Traffic Load - Definition and Analysis
Traffic loading
This is the role of the Pavement Engineer and involves determining the loading on the road to be carried forward to the Pavement Design. The role of the pavement engineer is to provide an adequate thickness of pavement to carry the expected loads without deterioration of the network during the design life.
The estimated or projected magnitude and occurrence of the various traffic loading are converted to the total number of passes of equivalent standard axle loading (ESAL), usually the equivalent 80KN (18kips) single axle load. The total no. of ESAL is used as the traffic loading input for design of pavement structure.
Determination of cumulative equivalent standard Axle (Road Note 31).
The steps are as follows;
- Determine the daily traffic flow for each class of vehicle weighed, using the results of the traffic survey and any other recent traffic count information that is available.
- Determine the Avg-daily one directional additional traffic flow for each class of vehicle.
- Make a forecast of the one directional flow for each class of vehicle to determine the total traffic in each class that will travel over each lane during design life.
- Determine the mean equivalence factor for each class of vehicle and for each direction form the result of this axle load survey and any other surveys that have recently been carried out.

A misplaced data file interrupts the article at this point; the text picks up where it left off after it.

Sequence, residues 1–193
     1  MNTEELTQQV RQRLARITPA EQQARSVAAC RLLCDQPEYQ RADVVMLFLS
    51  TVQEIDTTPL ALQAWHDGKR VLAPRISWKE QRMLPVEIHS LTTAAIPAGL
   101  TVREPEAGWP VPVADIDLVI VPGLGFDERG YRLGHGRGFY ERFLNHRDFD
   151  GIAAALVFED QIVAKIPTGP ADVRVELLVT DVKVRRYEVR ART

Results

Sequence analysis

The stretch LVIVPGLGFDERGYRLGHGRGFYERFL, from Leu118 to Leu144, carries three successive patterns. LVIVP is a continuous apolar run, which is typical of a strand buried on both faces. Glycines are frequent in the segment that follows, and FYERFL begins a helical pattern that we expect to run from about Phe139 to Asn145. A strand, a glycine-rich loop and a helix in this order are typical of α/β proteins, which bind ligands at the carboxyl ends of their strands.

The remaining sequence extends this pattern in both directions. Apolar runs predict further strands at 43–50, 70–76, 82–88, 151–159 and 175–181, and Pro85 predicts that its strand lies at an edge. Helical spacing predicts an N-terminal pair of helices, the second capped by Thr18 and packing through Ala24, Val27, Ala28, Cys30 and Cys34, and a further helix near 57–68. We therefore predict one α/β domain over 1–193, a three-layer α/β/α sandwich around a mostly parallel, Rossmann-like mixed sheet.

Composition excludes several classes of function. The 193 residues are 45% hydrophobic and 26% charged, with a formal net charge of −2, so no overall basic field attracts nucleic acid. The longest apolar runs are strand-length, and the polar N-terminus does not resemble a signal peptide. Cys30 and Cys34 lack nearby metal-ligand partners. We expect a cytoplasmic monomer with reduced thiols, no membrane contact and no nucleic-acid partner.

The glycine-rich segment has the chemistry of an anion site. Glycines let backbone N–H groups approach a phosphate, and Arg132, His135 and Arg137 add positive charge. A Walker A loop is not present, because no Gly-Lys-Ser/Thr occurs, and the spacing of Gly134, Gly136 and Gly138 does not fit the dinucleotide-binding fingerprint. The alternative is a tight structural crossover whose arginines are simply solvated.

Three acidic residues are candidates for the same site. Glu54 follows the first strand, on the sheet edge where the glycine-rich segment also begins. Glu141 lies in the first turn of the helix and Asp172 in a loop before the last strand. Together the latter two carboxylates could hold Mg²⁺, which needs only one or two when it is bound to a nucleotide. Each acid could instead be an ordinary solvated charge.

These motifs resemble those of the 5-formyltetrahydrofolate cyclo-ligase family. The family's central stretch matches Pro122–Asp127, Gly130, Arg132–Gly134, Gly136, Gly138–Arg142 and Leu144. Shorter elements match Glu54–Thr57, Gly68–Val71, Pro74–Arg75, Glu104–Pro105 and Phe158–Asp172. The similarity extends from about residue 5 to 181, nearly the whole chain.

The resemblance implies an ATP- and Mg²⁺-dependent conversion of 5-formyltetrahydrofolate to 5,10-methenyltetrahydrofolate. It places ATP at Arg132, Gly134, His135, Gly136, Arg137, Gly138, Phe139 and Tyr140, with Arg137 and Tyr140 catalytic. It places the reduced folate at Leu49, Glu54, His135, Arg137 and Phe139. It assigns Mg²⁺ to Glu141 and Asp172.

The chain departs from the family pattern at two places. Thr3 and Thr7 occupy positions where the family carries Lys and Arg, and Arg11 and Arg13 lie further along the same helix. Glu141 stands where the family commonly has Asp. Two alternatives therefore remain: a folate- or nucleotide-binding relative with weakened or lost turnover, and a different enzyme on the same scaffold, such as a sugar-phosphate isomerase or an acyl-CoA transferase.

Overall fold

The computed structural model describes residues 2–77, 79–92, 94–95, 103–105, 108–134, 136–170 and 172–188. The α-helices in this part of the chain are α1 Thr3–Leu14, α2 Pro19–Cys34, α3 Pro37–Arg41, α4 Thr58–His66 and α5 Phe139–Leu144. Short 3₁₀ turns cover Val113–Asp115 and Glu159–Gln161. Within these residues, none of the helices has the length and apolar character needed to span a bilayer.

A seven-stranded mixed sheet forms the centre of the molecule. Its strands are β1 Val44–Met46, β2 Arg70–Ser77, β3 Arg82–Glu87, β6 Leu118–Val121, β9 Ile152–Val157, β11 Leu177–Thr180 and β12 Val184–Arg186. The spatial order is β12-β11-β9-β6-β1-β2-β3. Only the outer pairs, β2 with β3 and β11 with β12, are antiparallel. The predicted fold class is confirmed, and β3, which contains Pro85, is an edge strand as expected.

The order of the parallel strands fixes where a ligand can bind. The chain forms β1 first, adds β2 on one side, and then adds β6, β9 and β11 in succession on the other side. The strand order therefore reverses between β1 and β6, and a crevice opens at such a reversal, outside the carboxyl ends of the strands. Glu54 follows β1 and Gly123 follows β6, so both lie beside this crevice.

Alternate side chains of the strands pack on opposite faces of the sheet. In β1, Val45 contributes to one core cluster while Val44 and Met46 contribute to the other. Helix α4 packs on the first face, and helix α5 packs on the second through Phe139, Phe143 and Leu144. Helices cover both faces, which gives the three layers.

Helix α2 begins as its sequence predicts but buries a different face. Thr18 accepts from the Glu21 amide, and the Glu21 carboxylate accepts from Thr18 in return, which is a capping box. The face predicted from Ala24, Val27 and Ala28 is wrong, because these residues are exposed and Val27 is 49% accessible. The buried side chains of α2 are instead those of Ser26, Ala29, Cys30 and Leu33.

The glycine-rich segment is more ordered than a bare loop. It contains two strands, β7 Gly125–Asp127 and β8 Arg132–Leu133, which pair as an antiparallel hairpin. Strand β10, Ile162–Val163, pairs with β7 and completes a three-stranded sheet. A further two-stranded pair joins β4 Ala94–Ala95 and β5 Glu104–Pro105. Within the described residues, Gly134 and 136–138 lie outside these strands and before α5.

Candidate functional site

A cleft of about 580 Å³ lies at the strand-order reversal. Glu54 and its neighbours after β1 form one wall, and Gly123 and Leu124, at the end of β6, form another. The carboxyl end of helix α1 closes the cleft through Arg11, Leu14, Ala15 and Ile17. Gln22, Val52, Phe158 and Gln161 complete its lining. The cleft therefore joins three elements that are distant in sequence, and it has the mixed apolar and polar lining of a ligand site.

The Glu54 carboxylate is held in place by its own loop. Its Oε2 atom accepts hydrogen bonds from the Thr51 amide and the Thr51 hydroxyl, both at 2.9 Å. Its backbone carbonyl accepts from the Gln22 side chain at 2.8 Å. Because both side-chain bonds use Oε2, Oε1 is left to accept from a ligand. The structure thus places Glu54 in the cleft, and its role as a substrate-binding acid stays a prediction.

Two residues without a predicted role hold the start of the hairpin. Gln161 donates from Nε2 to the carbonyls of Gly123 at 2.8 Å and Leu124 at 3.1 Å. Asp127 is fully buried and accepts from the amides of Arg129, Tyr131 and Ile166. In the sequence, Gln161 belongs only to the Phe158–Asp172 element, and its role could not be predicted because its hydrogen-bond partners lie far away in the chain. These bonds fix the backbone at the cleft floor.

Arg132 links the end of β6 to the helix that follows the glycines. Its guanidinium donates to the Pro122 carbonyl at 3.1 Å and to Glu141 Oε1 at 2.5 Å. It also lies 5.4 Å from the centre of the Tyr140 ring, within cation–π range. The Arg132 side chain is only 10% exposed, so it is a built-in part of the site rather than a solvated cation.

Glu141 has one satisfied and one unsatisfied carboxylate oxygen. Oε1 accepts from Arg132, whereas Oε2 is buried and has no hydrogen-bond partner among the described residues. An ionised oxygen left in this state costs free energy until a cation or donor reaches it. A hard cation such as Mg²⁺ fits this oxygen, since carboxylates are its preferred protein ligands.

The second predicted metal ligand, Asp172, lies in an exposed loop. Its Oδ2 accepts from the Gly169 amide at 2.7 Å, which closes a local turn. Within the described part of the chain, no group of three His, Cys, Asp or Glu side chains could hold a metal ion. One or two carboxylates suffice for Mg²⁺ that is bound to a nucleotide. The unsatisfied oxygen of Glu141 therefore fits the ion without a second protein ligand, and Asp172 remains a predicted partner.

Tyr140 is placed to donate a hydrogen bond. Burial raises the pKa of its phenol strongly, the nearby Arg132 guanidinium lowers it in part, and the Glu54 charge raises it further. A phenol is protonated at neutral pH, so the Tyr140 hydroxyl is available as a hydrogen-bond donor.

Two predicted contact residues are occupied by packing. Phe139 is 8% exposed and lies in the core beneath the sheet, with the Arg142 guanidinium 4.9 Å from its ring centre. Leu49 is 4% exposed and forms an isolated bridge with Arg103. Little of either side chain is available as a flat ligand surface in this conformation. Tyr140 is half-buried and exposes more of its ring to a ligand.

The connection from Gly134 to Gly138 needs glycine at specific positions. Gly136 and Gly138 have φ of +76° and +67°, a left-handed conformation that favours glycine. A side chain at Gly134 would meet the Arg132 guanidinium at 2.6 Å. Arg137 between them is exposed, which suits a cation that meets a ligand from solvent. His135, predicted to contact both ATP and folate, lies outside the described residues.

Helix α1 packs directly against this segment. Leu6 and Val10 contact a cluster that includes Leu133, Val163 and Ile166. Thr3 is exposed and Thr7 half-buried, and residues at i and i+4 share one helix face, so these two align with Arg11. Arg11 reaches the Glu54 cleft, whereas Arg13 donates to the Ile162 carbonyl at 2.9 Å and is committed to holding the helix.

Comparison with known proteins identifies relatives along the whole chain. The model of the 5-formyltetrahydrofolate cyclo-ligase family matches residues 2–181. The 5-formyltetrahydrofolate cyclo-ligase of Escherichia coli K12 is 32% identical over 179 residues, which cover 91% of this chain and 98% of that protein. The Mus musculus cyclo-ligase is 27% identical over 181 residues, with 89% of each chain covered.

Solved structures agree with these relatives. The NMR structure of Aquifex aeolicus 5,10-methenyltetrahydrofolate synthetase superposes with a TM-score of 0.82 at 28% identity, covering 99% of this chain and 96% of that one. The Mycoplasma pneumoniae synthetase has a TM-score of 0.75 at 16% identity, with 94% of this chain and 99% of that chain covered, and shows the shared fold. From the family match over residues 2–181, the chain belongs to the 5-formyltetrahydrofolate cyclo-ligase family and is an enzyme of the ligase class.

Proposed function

- the product of the cumulative one directional traffic flows (example, with reference to asphalt institute) for each class of vehicle over the design life of the road and the mean equivalent factor for that class should then be calculated and added together to give the cumulative equivalent standard axle loading for each direction. The higher of the two directional values should be used for design.
Wheel load |
Axle load |
Equivalence factor |
1.5. |
3.01 |
0.01 |
Asphalt institute:
Total volume of traffic expected during the design period
.
Where
T1 = Traffic volume during first year.
R = Rater of growth expressed as a fraction
N = Design period (years)
Estimate the percentage of total trick traffic expected to use the design lane, the design lane is the lane expected to receive the most sever service.
No. of traffic lanes |
% of trucks in design lane |
2 |
50 |
Truck Factor:
Multiplying number of axles in each weight class, by an appropriate load eq factors. Summing for the various weight classes dividing the sum by total no of vehicles involved.